National Museum of Egyptian Civilization holds live workshop to introduce ‘Takfit’

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Wed, 08 Sep 2021 - 02:11 GMT

Part of the exhibited works at NMEC - ET

Part of the exhibited works at NMEC - ET

CAIRO – 8 September 2021: The National Museum of Egyptian Civilization organized a live workshop to introduce the Takfit craft, in the presence of one of the most important Egyptian families who worked in the Takfit for many generations, and sought to develop and promote it.

 

 

 

The event witnessed a great turnout and remarkable interaction, especially from the youth, who were keen to follow up on and document the workshop on social media. The event also attracted the museum's foreign and local visitors alike.

 

 

 

The workshop introduced the museum’s visitors to the art of Takfit, and the technique used in the manufacture of metal pieces, with a live application of the process of engraving, grafting and shrouding.

 

 

Part of the live workshop held in NMEC - ET
Part of the live workshop held in NMEC - ET

 

 

 

To enhance the experience, the museum's curators were keen to display a number of Islamic artifacts belonging to the art of Takfit, to create a link for the public between the historical piece displayed in the museum and what is being manufactured.

 

 

 

In the reception area, the museum also displayed a number of handcrafted pieces, the most prominent of which is a tray with a diameter of 165 cm and a weight of 33 kg of red copper, which is the most difficult to engrave and suffice with silver. It took several years to manufacture, and 11.3 kg of fine Swiss silver caliber 999 was used. It is the largest of its kind in Egypt.

 

 

 

Head of the Museum Authority Ahmed Farouk Ghoneim said that there are great and diverse efforts being made to establish cultural activities and creative events to consolidate skills and capabilities among the different layers of society, as well as show the impact of Egyptian civilization on various global cultures. He praised the cultural role played by the Museum of Civilization for entertainment and for receiving targeted arts that entertain the public intellectually and culturally and contribute to achieving development and civilization prosperity.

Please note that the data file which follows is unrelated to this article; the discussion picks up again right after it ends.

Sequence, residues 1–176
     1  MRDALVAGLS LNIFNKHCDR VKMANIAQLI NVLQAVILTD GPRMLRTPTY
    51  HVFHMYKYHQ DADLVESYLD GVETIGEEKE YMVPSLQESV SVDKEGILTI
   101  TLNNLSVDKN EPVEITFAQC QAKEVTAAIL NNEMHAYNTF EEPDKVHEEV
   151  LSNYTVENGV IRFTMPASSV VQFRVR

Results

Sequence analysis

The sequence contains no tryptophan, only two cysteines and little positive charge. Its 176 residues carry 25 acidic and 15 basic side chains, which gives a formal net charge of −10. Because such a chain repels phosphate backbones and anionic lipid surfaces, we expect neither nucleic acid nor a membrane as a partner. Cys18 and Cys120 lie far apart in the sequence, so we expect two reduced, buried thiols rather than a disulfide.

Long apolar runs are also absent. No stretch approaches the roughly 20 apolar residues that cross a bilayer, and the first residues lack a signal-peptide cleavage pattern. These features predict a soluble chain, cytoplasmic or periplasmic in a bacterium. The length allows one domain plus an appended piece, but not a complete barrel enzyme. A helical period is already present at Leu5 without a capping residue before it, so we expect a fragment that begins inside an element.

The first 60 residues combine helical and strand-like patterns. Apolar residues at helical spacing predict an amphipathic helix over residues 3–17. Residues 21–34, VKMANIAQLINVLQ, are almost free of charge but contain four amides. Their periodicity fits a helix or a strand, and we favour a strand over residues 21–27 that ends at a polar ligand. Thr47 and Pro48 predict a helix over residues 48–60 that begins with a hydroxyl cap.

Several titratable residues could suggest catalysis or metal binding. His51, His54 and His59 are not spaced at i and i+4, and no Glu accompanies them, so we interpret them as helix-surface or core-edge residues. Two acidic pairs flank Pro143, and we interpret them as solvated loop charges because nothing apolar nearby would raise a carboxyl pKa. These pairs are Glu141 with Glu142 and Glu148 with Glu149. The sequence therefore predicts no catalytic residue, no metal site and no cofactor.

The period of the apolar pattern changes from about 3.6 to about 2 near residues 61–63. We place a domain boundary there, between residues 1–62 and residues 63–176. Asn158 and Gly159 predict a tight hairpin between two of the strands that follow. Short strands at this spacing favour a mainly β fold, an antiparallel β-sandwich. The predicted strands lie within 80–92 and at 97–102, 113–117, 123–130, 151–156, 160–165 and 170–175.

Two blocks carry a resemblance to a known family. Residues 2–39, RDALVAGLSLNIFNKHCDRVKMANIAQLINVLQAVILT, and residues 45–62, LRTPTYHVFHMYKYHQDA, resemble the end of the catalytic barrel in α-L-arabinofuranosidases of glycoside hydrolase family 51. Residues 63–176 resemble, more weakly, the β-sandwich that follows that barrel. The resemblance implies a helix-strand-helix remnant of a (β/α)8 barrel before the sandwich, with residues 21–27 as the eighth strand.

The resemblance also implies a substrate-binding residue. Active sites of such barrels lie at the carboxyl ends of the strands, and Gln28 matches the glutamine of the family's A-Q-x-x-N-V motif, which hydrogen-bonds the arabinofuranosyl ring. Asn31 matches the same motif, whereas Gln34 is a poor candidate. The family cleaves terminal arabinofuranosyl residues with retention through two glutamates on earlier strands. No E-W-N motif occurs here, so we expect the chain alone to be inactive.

The Takfit craft  is one of the most prominent metal sculpting arts. It is one of the oldest crafts known to the Egyptians, and its beginning dates back to the Mamluk era. Its makers excelled by using primitive materials such as a hammer, to transform a cheap metal such as copper into a precious piece of art.

 

 

To enhance the experience, the museum's curators displayed a number of Islamic artifacts made through Takfit, to create a link for the public between the historical piece and what is being manufactured.

 

 

 

In the reception area, the museum displayed a number of handcrafted pieces, the most prominent of which is a tray made of red copper, with a diameter of 165 cm and a weight of 33 kg, the largest of its size in Egypt. Red copper is the most difficult to engrave. Some 11.3 kg of fine Swiss silver caliber 999 was also used to manufacture the tray that took several years to be completed. 

 

 

 

Head of the Museum Authority Ahmed Farouk Ghoneim said that great efforts are being exerted to hold cultural activities and events that aim to teach various skills for the different layers of society, and show the impact of Egyptian civilization on various global cultures. 

 

 

 

Ghoneim praised the cultural role played by the Museum of Civilization in disseminating arts that contribute to achieving development and prosperity.

 

 

 

The Takfit craft is one of the most prominent metal sculpting arts. It is one of the oldest crafts known to Egyptians, as it dates back to the Mamluk era. Its makers excelled by using primitive materials, to transform a cheap metal such as copper into a precious piece of art.

 

 

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